February, 2012  

Probes & Tips header


Look for us!   


"Learn More Hear and Now: Introduction to OAE Screening"


April 13, 2012:


3:00 p.m. Eastern
2:00 p.m. Central

1:00 p.m. Mountain
12:00 p.m. Pacific
11:00 a.m. Alaska
10:00 a.m. Hawaii


Register Here 


 - - - - - - - - -   


ECHO Initiative Exhibits:


Association of Maternal & Child Health Program Annual Conference,  


Washington, DC, February 11-14, 2012    


Also look for our booth and presentations
at the  

St. Louis, MO
March 5-6, 2012

We're All Ears!

What unmet needs do you have related to implementing OAE screening?



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Find more helpful hints from previous issues of


Probes and Tips 


and many other resources at





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2615 Old Main Hill, Logan, Utah 84322

Tip of the Month

Check that Hearing Aids are Working   


If you are not already, you may soon be serving a child with a hearing aid.  Unlike glasses that help a child see more clearly and need little daily attention beyond simple cleaning, hearing aids require more detailed attention and maintenance to ensure they are functioning as they should.   Young children will not be able to tell you when there is a problem, so it is up to parents, teachers, and other professionals to ensure that hearing aids are working well each day.

Hearing Aids


Common maintenance issues include checking and changing the battery, cleaning blockage from the earmold, and occasionally changing the tone hook.


If you are serving a child who wears hearing aids, you'll want to watch an informative Hearing Aid Listening Check video that walks you through these and other troubleshooting steps.  You can also print a companion handout for reference purposes.  It may be especially helpful to view this video with parents, and discuss what can be done each day before the child leaves home, and what can be done at school to make sure that the child is getting the maximum access that the aids can provide to sound and language.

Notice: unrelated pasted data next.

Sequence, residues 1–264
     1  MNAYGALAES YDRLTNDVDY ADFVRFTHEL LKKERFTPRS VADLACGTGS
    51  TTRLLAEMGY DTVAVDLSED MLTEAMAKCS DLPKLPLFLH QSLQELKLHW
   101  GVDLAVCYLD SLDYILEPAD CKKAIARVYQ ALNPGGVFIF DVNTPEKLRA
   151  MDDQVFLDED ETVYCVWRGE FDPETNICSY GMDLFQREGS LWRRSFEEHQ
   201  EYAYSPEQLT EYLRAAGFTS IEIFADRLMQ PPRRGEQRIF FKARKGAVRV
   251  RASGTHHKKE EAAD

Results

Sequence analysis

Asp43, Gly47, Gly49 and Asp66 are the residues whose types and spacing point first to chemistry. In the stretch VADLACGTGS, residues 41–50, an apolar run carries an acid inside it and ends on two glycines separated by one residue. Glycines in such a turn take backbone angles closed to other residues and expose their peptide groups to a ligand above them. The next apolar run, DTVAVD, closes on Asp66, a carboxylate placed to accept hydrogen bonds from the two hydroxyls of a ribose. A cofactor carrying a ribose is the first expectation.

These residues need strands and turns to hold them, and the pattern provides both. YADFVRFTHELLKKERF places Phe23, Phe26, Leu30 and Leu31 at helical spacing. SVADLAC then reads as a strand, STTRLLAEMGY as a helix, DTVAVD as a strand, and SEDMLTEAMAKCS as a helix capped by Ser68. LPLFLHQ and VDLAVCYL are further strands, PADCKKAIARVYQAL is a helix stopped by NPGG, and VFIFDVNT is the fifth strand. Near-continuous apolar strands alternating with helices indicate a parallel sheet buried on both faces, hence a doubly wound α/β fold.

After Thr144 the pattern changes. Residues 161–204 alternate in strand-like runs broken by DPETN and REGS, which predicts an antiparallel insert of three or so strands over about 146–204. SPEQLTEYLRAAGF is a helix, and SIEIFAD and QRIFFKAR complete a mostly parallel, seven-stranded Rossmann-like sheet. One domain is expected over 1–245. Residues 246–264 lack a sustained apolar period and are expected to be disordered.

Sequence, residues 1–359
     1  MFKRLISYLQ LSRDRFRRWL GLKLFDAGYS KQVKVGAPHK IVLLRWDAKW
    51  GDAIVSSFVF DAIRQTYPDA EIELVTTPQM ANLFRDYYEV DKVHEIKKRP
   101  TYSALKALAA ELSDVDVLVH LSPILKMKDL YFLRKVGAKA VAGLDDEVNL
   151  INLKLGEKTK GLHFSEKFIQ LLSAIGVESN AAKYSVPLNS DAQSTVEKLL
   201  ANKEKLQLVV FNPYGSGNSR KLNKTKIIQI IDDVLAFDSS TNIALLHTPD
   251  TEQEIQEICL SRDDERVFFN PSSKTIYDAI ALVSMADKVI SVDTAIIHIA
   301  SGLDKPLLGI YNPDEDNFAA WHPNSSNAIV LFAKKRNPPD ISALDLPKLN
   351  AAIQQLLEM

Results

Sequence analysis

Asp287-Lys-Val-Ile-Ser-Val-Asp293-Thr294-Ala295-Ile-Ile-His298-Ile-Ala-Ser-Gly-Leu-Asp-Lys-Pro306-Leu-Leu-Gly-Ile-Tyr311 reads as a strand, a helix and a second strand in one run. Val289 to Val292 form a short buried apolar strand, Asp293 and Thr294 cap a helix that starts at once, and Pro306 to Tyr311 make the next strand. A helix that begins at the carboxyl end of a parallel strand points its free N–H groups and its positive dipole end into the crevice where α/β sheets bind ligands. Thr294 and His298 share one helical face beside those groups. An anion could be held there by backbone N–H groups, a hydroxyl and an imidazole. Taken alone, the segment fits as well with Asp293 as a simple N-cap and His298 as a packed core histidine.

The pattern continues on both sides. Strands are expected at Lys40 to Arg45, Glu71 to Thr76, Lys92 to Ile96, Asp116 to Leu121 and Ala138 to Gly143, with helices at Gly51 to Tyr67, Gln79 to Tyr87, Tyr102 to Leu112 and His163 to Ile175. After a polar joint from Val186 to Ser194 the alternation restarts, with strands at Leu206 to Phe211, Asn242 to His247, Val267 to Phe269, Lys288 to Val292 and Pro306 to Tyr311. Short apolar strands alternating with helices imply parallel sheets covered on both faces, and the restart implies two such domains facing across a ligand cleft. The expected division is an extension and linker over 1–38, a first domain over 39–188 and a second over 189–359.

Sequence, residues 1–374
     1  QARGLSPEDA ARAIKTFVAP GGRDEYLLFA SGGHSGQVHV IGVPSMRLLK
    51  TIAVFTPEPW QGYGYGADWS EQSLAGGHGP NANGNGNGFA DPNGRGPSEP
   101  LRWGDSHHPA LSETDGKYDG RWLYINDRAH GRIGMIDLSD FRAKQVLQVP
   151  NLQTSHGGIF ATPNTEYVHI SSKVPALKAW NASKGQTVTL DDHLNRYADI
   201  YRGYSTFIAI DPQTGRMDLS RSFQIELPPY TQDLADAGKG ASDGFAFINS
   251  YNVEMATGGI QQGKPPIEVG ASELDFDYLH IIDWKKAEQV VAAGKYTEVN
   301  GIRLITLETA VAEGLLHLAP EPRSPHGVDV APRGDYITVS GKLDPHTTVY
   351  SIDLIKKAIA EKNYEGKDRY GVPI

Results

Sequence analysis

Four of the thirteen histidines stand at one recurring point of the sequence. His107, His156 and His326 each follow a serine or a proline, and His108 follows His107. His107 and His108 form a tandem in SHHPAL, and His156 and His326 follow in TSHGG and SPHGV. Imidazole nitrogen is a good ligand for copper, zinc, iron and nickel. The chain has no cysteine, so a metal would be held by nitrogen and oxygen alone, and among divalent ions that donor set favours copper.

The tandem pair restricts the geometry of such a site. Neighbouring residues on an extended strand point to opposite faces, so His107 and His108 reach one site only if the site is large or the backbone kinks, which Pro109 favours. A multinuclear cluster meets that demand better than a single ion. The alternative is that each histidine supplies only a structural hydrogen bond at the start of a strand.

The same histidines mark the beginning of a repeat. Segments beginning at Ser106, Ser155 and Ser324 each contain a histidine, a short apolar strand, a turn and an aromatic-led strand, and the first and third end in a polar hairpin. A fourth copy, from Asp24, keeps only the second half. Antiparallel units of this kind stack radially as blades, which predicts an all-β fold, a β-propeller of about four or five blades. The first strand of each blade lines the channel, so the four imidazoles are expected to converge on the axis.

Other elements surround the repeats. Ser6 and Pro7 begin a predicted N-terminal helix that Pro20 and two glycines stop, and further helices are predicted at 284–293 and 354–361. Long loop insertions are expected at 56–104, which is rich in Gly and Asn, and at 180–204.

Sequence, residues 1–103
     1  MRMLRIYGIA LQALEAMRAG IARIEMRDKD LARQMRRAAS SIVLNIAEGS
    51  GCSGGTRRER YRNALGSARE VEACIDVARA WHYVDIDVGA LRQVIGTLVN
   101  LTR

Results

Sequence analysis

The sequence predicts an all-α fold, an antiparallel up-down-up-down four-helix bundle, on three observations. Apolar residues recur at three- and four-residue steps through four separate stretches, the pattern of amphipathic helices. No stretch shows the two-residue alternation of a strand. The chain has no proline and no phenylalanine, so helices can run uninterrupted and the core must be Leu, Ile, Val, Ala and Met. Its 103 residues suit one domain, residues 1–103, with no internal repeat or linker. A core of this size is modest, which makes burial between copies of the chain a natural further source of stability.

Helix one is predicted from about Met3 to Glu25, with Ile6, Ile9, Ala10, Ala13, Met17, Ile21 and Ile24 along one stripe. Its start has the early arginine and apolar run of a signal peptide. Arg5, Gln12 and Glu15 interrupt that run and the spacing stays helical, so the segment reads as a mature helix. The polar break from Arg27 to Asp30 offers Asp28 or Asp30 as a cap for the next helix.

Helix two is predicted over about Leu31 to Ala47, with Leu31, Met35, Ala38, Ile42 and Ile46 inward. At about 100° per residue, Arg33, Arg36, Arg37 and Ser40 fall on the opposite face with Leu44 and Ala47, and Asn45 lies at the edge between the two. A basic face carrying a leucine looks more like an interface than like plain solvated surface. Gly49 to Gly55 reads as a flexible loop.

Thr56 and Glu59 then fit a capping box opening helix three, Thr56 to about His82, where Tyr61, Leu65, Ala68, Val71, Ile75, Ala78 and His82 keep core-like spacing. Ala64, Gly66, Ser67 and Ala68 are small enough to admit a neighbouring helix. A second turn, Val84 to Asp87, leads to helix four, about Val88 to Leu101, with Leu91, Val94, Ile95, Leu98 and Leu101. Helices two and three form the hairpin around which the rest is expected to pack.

An audiologist can order a hearing aid care kitHearing Aid Kit

for you that includes: 
  • A listening stethoscope, that attaches to the earmold or hearing aid tone hook, so you can listen to the amplified sound. 
  • A battery tester.
  • A wire loop and brush to remove wax from the earmold.
  • An air blower to remove moisture from the earmold tubing.
Hearing aids are expensive investments, so treating them with care, and checking to make sure they are working as they should, is as important as ensuring that the child is wearing them every day.


Probe of the Month

Do you need more information on how to work with a child who wears a hearing aid?  If so, let us know at:




As always, share www.kidshearing.org with anyone you think would benefit from our resources.     


ECHO - Headstart 

Probes and Tips is a newsletter from the ECHO Initiative that provides monthly TIPS

to enhance early childhood hearing screening and follow-up practices and PROBES

 about current activities so we can learn from one another's successes and challenges.